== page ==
If it ain't broke...it might actually be broken

You cannot address an issue or a problem without first admitting that there IS one.

In April 2017 a Dutch public broadcasting agency NOS published a story on Uganda "the refugee paradise". The article was titled: "Welcome refugee! Uganda welcomes you with open arms!" A South Sudanese colleague frowned after reading the translated article. "How can they see this as paradise?" he asked. "Don't they know that people who are here are the ones who are not able to go somewhere else? Live in the city, or perhaps another country? There is no such thing as a paradise here."

Uganda is a country about the size of Oregon and home to almost 42 million people. And the population growth is increasing exponentially. It is also home to refugees from at least 13 different countries and over 1.2 million from South Sudan alone. More than 86% of new arrivals from Sudan are women and children. Refugee women arriving in neighboring countries have also reported repeated rape, the killing of their husbands, and abduction of their children. South Sudan's conflict has now raged on for nearly five years and affected more than 4mil lives. 

(For scale: California is home to almost 40 million people and much larger than Uganda.)

193 member states of the United Nations in 2016 adopted the New York Declaration committing members to better share responsibility for the world’s refugees and support the communities that host them in a global compact. This included drawing up a Comprehensive Refugee Response Framework (CRRF).

Uganda was the first country that decided to apply the CRRF once the New York Declaration was adopted.

As of December 2017, UNHCR, the UN Refugee Agency, is witnessing a sharp rise in the number of people from the Democratic Republic of the Congo (DRC) seeking safety in Uganda. More than 2,650 refugees have crossed the border during the last week of December alone, fleeing fresh violence in DRC’s Ituri province – this is five times the usual number of arrivals. Most of them again, are women and children. Despite gains in policy and practice in recent years, the capacities and needs of refugee women and girls are too often overlooked in refugee responses. In 2016, 51% of all refugees globally were children. Additionally, according to the New York Declaration, an estimated 9.3 million persons with disabilities are forcibly displaced as the result of persecution, conflict, violence, and other human rights violations. Persons with disabilities are among the most marginalized in any crisis-affected community and are over-represented among those living in poverty. Situations of risk and humanitarian emergencies also impact the access to and the collapse of essential services.

Uganda hosts the largest amount of refugees in all of Africa: over 1.4 MIL.

And Uganda is not receiving enough international support.Many first world countries have used Uganda as a case study and an example of open door policies when it comes refugees, but they ignore the millions of internally displaced people and the basic fact that Uganda's economy is buckling. It is to the point of breaking under the strain of providing for a large population with a shaky GDP and holes in necessary humanitarian aid.

The funding needed to support these refugees is just not there.

Finally, people are starting to take notice, but more needs to be done. This is currently, the largest refugee crisis that the world is facing.

“The situation is no longer sustainable - for the governments of asylum countries, humanitarian agencies...The cycle of violence must be brought to an end.” -UN High Commissioner for Refugees Filippo Grandi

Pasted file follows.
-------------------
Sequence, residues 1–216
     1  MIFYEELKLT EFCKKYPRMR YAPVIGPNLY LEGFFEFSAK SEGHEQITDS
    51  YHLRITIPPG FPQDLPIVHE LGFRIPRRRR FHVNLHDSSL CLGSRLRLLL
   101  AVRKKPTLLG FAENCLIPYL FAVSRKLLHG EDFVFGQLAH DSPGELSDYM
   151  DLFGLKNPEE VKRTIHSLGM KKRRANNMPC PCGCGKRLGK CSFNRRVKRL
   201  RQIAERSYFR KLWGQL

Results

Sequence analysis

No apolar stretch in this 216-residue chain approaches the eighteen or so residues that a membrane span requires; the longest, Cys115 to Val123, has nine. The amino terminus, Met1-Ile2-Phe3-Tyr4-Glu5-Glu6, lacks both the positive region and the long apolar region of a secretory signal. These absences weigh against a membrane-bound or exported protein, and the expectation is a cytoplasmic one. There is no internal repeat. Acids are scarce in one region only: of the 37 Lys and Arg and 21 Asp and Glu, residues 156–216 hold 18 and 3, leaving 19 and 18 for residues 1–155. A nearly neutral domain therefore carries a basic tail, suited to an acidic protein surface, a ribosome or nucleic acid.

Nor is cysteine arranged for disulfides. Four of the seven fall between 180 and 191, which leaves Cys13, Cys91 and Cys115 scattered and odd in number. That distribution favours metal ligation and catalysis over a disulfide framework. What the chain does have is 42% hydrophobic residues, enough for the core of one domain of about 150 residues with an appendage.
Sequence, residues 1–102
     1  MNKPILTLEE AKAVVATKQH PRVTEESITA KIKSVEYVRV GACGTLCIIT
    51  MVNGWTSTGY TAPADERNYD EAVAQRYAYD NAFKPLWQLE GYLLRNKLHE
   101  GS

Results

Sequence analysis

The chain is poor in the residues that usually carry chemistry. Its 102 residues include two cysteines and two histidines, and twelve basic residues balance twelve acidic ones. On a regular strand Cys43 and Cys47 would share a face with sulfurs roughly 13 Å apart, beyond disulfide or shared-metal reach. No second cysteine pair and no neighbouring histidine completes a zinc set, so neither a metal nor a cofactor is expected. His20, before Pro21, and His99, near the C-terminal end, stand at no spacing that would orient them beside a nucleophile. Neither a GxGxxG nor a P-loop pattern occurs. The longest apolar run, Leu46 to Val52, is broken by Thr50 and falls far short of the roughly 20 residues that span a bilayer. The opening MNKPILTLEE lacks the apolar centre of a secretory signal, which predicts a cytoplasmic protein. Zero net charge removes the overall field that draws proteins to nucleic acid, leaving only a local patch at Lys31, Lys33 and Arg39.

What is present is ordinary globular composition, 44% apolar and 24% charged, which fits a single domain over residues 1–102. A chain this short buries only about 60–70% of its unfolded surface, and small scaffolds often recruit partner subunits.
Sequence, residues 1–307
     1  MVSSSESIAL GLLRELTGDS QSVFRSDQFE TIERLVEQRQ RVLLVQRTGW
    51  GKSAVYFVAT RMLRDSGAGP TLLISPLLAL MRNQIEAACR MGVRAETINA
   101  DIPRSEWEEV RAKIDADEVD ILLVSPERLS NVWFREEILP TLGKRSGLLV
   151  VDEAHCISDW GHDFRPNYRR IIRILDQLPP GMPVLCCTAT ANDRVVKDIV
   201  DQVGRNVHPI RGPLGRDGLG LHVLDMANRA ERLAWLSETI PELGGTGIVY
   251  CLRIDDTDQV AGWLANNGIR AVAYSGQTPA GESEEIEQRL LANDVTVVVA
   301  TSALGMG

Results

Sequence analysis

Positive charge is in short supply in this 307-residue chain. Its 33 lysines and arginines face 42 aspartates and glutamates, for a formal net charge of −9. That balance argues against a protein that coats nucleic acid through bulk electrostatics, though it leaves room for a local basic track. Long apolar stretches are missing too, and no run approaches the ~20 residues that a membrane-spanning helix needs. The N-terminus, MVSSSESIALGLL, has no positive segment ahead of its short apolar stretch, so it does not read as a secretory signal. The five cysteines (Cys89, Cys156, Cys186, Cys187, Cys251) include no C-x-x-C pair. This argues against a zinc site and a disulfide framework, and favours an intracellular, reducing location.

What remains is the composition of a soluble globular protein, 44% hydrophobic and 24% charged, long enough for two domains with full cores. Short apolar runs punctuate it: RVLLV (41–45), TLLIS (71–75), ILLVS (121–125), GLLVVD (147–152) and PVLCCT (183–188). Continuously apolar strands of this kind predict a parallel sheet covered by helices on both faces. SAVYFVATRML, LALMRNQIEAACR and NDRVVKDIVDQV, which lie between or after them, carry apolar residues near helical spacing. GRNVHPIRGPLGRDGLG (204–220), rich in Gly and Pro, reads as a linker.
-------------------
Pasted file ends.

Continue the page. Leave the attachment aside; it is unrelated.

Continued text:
Refugees await transport © UNHCR/Samuel Otieno

Refuge crisis seems to have become a buzz word that people throw around for money, votes or publicity, but it is a very real problem. It also has very real solutions. At KIK, we are putting tangible solutions in place to serve as a working model for the future.

Many of Uganda's own citizens are in terrible situations. At KIK we work primarily with a group of Acholi refugees.  They are the by-product of a war the world forgot about that ended officially in 2006. For 20 years these people endured the harsh conditions of IDP camps (internally displaced persons), eventually making their way to the Banda Acholi Quarters slum area. Now, the government wants that land back as well. They have begun bulldozing homes and forcing people out onto the streets once again. The stress of which has given people heart attacks and caused many deaths.

We are relocating these people to the Place of Refuge Village, but we need your help. This Village will create generational impact, sustainability, and change. The foundation for this venture has been laid steadily for over 12 years.

Working with knowledgeable and reputable architects to begin the design phase of the village, we have purchased the initial 100+ acres, drilled 3 wells, started crop rotations, cleared 20-25 acres, are building a storage facility, 2 pit-latrines, installed 6 safari tents and relocated the foundational families and single men, to begin the project. To make this dream a reality, the estimated cost of the project is $3 million (USD). We plan to raise all of this money through charitable donations given as one-time gifts or recurring payments.

“I hope that we will not forget the fundamental objective of the global compact on refugees – to have a real impact on people’s lives.  This includes citizens of host communities who sacrifice so much to host refugees; as well as refugees so that they can contribute and not be a burden on host communities – so that both refugees and host communities remain strong and resilient in adversity until solutions are found.”  -Filippo Grandi, United Nations High Commissioner for Refugees during High Commissioner’s Dialogue on Protection Challenges.

Nikki Lynn